|Thu July 3 2008 09:03:35|
What Does This Have to do with eBay?
By: David Steiner
The other evening, as I was multi-tasking, I happened to catch a story on the NewsHour with Jim Lehrer on a topic I ordinarily wouldn't have paid much attention to: Coffee.
The story centered around the closing of 600 Starbucks stores and 12,000 employee layoffs. While I love a good cup of brew in the morning, I don't own stock in Starbucks and I don't actually care much for their coffee. But what struck me was the storyline about a company that has fallen on recent hard times. Starbucks stock has lost nearly half its value in the past year, and traffic to the stores is down for the first time since the company's inception.
Perhaps it's the economy - $5 for a Cafe Latte may be one of those luxuries that people are cutting out of their budget. Competition from other restaurants that offer specialty coffee - McDonalds and Burger King, for example - may have cut into Starbucks' business. Or maybe the company has become oversaturated, as evidenced by the jokes about a Starbucks building a Starbucks inside a Starbucks.
But what the company itself has determined is that they have become too corporate, and have lost the appeal that made Starbucks so popular. According to the story, "It may be, in its drive to expand, Starbucks, which defined the coffee experience for many Americans, inadvertently ceded that experience to other, smaller coffee shops."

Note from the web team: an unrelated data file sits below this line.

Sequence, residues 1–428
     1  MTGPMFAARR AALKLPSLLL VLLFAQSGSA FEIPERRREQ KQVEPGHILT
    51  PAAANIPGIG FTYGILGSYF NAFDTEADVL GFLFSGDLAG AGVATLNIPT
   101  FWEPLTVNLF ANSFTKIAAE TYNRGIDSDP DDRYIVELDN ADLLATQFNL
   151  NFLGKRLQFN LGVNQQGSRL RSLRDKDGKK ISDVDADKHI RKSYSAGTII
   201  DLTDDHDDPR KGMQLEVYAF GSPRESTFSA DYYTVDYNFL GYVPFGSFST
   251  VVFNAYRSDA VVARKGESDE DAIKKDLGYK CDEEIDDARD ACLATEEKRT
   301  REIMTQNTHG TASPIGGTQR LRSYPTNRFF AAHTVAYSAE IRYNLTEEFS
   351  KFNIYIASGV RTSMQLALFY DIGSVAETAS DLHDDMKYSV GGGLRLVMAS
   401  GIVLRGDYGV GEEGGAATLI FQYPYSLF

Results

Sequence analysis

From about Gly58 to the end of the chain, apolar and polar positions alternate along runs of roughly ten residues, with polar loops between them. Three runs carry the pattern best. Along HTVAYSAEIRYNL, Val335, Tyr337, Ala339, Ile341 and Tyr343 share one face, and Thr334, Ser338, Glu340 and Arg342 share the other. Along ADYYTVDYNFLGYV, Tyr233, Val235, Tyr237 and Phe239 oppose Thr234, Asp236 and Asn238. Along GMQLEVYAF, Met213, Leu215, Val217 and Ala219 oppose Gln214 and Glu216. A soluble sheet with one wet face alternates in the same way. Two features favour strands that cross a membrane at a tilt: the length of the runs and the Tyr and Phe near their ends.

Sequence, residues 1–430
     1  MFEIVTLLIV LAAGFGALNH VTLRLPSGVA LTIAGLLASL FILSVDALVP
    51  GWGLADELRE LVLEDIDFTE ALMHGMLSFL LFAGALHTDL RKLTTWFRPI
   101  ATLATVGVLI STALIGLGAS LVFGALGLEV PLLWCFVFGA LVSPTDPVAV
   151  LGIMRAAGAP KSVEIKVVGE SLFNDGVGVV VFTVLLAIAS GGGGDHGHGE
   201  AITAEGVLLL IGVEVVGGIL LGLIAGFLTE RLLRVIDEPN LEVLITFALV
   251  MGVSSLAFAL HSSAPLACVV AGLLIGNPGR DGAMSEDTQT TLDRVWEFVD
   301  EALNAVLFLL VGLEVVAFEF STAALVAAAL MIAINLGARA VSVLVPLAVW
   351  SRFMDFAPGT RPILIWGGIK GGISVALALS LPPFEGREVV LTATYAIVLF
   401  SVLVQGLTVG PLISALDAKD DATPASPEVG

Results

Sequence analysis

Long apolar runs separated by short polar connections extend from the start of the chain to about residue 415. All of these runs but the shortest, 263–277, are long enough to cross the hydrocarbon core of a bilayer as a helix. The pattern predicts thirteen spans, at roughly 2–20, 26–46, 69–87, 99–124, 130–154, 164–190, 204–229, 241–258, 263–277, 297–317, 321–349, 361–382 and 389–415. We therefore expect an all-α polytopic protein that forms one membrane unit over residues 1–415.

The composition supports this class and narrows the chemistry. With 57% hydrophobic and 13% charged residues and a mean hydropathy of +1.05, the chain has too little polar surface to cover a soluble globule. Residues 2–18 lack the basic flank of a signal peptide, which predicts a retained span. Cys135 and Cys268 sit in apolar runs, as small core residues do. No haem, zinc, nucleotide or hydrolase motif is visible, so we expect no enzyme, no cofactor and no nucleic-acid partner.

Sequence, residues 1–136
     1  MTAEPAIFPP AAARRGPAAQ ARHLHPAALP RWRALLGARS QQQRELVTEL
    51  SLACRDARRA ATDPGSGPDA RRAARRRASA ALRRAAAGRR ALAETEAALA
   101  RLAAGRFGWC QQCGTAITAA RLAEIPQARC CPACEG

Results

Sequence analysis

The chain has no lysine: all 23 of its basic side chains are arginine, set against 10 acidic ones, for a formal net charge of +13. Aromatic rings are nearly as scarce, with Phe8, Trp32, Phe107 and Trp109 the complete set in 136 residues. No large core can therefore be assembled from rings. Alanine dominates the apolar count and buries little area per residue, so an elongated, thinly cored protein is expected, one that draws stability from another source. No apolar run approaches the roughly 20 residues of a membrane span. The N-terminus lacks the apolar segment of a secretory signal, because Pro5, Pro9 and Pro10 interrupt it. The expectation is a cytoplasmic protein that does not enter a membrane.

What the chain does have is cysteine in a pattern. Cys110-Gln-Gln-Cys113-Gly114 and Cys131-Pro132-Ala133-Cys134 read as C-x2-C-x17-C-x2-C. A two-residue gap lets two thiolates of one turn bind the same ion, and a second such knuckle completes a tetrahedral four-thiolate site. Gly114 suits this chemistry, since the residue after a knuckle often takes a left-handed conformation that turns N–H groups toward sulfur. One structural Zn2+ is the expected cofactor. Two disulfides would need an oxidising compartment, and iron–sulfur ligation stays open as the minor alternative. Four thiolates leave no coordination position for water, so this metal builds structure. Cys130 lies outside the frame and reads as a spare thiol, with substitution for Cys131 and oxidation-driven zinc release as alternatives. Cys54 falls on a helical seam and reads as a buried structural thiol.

Seattle area marketing analyst Harvey Hartman made this observation, "What consumers are starting to sense is that Starbucks is losing this authentic, local, unique kind of "real" experience and is really become more bureaucratic, more mediocre, not as exploratory and as fun as it once was."
In an effort to regain some of their mocha mojo, Starbucks brought back CEO Howard Schultz, credited with much of the early wild success of Starbucks, at the beginning of this year to try to lift the company out of its quagmire. The stores will be grinding beans again in their stores (for the aroma), and replacing some of the equipment behind the counters to make ordering your coffee a more personal experience. In essence, Starbucks is exploring their roots to find a direction for their future.
So what does this have to do with eBay? Maybe nothing. Or perhaps it illustrates that it's never too late to wake up and smell the coffee.
An MP3 file of the news story can be downloaded here